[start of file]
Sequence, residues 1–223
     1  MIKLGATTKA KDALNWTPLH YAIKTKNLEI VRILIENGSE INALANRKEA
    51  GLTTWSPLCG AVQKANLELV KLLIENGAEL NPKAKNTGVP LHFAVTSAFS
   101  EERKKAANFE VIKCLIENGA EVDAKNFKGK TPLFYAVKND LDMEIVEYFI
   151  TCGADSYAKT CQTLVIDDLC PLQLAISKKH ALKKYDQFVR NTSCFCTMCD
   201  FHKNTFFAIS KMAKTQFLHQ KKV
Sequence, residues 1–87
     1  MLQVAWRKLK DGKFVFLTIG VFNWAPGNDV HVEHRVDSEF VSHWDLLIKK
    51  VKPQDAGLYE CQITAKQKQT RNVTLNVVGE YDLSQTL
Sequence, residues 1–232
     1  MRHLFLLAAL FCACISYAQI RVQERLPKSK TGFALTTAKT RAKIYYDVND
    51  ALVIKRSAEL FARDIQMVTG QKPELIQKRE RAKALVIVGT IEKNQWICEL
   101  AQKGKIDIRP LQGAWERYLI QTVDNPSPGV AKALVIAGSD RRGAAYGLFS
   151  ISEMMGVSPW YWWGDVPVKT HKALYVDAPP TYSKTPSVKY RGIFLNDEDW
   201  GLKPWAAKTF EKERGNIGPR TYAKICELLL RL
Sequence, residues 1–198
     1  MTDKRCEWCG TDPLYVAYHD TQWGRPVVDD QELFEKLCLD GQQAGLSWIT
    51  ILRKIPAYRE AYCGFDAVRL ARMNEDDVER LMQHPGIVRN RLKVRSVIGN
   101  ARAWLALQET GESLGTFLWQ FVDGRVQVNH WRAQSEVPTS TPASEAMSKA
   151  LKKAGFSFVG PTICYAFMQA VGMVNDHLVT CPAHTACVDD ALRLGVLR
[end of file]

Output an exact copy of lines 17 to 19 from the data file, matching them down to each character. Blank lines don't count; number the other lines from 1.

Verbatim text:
     1  MTDKRCEWCG TDPLYVAYHD TQWGRPVVDD QELFEKLCLD GQQAGLSWIT
    51  ILRKIPAYRE AYCGFDAVRL ARMNEDDVER LMQHPGIVRN RLKVRSVIGN
   101  ARAWLALQET GESLGTFLWQ FVDGRVQVNH WRAQSEVPTS TPASEAMSKA